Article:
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Recession Saps Cities’ Sales Tax Revenues : The economy: Only Thousand Oaks--bolstered by auto sales and its major mall--barely held its own financially.

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TIMES STAFF WRITER

The recession--reflected by sharply dropping sales tax revenues--has slammed into Ventura County’s urban areas with a vengeance and has finance officials apprehensive about when the economy will bottom out.

Simi Valley, Camarillo, Oxnard and Ventura show dramatic declines in sales tax revenues for the first quarter of fiscal year 1992--covering the months of July, August and September--compared to the same period a year ago, according to figures given to The Times on Monday.

Only Thousand Oaks barely held its own during the first quarter. Consistent retail sales at its big shopping mall, The Oaks, and steady auto sales left the city in relatively decent financial shape, Finance Director Robert Biery said.

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“We had to be somewhat satisfied,” he said.

Officials in other cities, such as Oxnard, are clearly worried.

“The recession is hitting the city very hard,” said Stan Kleinman, Oxnard’s chief accounting officer.

Sales tax figures for the second quarter ending in December, the time frame that includes the critical holiday shopping period, won’t be in until next year. City officials countywide are apprehensive.

“I think people are tightening their belts,” said Anita Bingham, the Camarillo finance director.

State analysts don’t offer much immediate hope for beleaguered city officials such as those in Ventura County.

“We’re going nowhere in a hurry,” said Jeff Reynolds, chief of the research and statistics division of the state Board of Equalization, which collects sales taxes and then parcels the revenues out to local government.

Urban counties such as Ventura--areas with large population pockets or next to major metropolitan centers--are feeling the brunt of the recession, he said.

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“Cities have had a horrible time balancing budgets this year and it’s going from bad to worse,” said Jim Harrington, assistant director of the League of California Cities in Sacramento.

“We’re experiencing rapid growth (throughout California) and most of this goes into cities,” he said. “At the same time, revenues are falling off precipitously.”

Here are the fiscal year 1992 first-quarter sales tax revenues as reported by Ventura County’s major cities compared to the same quarter last year:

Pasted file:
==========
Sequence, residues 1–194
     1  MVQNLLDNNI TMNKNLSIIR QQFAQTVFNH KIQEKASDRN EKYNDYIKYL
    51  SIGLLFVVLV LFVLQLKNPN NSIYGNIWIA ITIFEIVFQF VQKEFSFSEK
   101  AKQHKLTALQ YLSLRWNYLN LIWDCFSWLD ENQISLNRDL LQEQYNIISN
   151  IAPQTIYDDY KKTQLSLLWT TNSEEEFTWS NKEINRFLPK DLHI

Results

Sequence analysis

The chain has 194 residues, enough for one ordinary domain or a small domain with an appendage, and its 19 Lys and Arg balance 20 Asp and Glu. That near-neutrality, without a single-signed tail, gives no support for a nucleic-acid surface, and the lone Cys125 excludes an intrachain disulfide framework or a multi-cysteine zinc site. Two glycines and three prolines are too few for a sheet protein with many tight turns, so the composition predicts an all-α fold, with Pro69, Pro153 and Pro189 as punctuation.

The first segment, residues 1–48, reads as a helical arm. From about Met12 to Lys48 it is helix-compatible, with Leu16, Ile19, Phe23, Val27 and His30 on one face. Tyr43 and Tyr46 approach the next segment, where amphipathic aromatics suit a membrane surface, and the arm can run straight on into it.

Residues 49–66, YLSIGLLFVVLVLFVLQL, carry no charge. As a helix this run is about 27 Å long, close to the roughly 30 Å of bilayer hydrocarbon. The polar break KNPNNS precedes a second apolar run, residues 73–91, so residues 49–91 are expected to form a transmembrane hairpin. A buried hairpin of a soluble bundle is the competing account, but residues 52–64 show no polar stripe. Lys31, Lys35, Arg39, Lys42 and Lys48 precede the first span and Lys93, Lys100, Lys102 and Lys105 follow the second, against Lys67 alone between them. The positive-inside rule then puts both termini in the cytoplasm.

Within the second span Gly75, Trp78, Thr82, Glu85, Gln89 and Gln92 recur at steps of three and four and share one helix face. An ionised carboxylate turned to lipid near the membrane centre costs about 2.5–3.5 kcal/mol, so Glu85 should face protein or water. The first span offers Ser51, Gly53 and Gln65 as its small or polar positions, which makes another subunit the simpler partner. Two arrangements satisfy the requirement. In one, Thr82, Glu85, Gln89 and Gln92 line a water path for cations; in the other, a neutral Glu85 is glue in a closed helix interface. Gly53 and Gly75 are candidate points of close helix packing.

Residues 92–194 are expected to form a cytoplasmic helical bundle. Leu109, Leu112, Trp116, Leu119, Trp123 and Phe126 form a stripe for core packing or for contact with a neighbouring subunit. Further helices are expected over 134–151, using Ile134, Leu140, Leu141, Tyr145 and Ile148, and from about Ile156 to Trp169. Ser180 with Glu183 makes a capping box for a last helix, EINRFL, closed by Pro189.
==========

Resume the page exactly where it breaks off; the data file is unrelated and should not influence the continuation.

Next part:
* Ventura, $3,213,887 versus $3,694,979, down 13%.

* Oxnard, $2,805,000 versus $3,086,000, down 9%.

* Camarillo, $864,000 versus $1,068,000, down 19%.

* Simi Valley, $1,403,000 versus $1,801,000, down 22%.

* Thousand Oaks, $2,938,000 versus $2,977,000, down 1%.

Statewide in fiscal year 1991, the sales tax generated almost $19 billion, of which $2.8 billion was returned by the state to cities and counties. The bulk of this cash went to the state’s 468 cities, the Board of Equalization’s Reynolds said. This overall figure was up about 1% over the previous fiscal year.

But then the recession began taking a tighter grip on retail sales which, for the most part, are a city’s biggest source of revenues for its general fund.

As a rule of thumb, said the League of California Cities’ Harrington, about 29% of general fund revenues come from the sales tax.

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“It’s the most elastic revenue cities have,” he said. “It responds very quickly to economic activity.”

Cities, therefore, are juggling their finances in the face of the uncertain economic outlook, he said.

City officials in Ventura County said they do not expect to see a better economy until consumers return to the marketplace in greater numbers.

“Buying power is down,” said Terry Adelman, the city of Ventura’s finance director. “We didn’t expect it to go this negative in the last quarter. We’re still waiting for the bottom to hit.”

First-Quarter Sales Tax Revenues

Here are the fiscal year 1992 first-quarter sales tax revenues as reported by Ventura County’s major cities compared to the same quarter last year:

* Ventura, $3,213,887 versus $3,694,979, down 13%.

* Oxnard, $2,805,000 versus $3,086,000, down 9%.

* Camarillo, $864,000 versus $1,068,000, down 19%.

* Simi Valley, $1,403,000 versus $1,801,000, down 22%.

* Thousand Oaks, $2,938,000 versus $2,977,000, down 1%.

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